Unit History: RAF Waddington

RAF Waddington
RAF Waddington was opened as a flying training station in November 1916 teaching hundreds of pilots, including many form the US Army to fly until the station was put into care and maintenance in 1920.
It reopened as a bomber base on 12 March 1937, with squadrons flying the Bristol Blenheim and later Handley Page Hampdens.  The airfield was enlarged after 1934, when a major RAF expansion began, with many buildings constructed, including some of the hangars which remain in use today.
The station was re-opened as a bomber base on 12 March 1937, and by the end of year housed squadrons flying the Bristol Blenheim, which were subsequently superseded by Handley Page Hampdens.
Waddington hosted a variety of Lancaster and Avro Lincoln squadrons, and, later, Washingtons. The station was put into care and maintenance again in 1953 to prepare it for the V-bomber force.  83 Sqn being the first in the RAF to receive the Vulcan in May 1957. It continued in this role until 1984 when the last Vulcan squadron, No. 50, disbanded.
In June 1954 the Queen approved the RAF Waddington badge, incorporating the towers of Lincoln cathedral, and on 25 April 1959 the station was granted the Freedom of the City of Lincoln. Since then all Waddington aircraft have carried the City Crest.
By August 1961 three squadrons of Vulcans were based at Waddington, and the type remained there until March 1984, its planned retirement having been postponed because of the Falklands conflict.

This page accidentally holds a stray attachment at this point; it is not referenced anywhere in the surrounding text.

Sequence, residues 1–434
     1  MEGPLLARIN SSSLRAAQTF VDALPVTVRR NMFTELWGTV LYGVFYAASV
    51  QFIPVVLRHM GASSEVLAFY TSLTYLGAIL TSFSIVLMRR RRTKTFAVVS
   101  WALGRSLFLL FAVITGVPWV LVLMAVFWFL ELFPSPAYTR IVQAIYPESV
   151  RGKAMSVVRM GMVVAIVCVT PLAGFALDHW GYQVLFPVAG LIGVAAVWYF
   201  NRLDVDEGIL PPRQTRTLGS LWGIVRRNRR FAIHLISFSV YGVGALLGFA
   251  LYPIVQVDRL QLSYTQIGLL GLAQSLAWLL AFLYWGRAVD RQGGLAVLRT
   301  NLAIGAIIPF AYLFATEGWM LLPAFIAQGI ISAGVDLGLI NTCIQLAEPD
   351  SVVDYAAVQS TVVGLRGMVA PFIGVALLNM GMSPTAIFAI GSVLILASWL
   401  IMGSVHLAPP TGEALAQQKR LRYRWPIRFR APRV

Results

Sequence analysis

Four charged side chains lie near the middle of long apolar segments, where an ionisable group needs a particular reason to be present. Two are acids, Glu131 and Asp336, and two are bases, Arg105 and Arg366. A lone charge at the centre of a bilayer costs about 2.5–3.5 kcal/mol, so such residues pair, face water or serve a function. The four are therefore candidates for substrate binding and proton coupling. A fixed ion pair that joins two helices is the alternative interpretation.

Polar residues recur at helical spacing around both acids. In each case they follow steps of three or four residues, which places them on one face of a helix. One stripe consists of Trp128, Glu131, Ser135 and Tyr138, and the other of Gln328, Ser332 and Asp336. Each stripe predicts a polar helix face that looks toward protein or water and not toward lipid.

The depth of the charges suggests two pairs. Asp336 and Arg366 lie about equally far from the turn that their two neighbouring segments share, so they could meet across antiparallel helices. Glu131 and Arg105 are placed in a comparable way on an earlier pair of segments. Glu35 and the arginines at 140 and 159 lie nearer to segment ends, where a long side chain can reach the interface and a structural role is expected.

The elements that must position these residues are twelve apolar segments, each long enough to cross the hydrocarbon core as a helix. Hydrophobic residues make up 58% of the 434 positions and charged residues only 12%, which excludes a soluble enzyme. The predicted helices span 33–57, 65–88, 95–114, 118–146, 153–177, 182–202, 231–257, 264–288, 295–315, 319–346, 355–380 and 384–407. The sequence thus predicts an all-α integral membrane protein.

The fiftieth anniversary of the RAF was celebrated at the base on 1 April 1968, mainly because the RAF's last flying Lancaster was based at the airfield from the mid-1960s until 1970, when moved temporarily to Hendon.

RAF Waddington during WW2

In November 1940 it was the first station to receive the Avro Manchester heavy bomber. 207 Squadron were assigned the task of introducing this ill fated aircraft in to service.

44 Sqn was the first in RAF Bomber Command to fly operationally with the Lancaster on 2 March 1942 from Waddington.

On 17 April 1942 at around 3pm, six Avro Lancasters from 44 Sqn left in daylight for the MAN diesel engine (for U-boats) factory at Augsburg in southern Germany (Bavaria). Four Lancasters were shot down and Squadron Leader John Dering Nettleton received a VC, piloting R5508. He survived due to the German fighters running out of fuel, and lack of daylight.

In 1943 and 1944 the station commander was Group Captain Charles Elworthy.

Concrete runways were laid during 1943 after which two Royal Australian Air Force Lancaster squadrons took up residence. The final WWII raid from Waddington took place on 25/26 April 1945.

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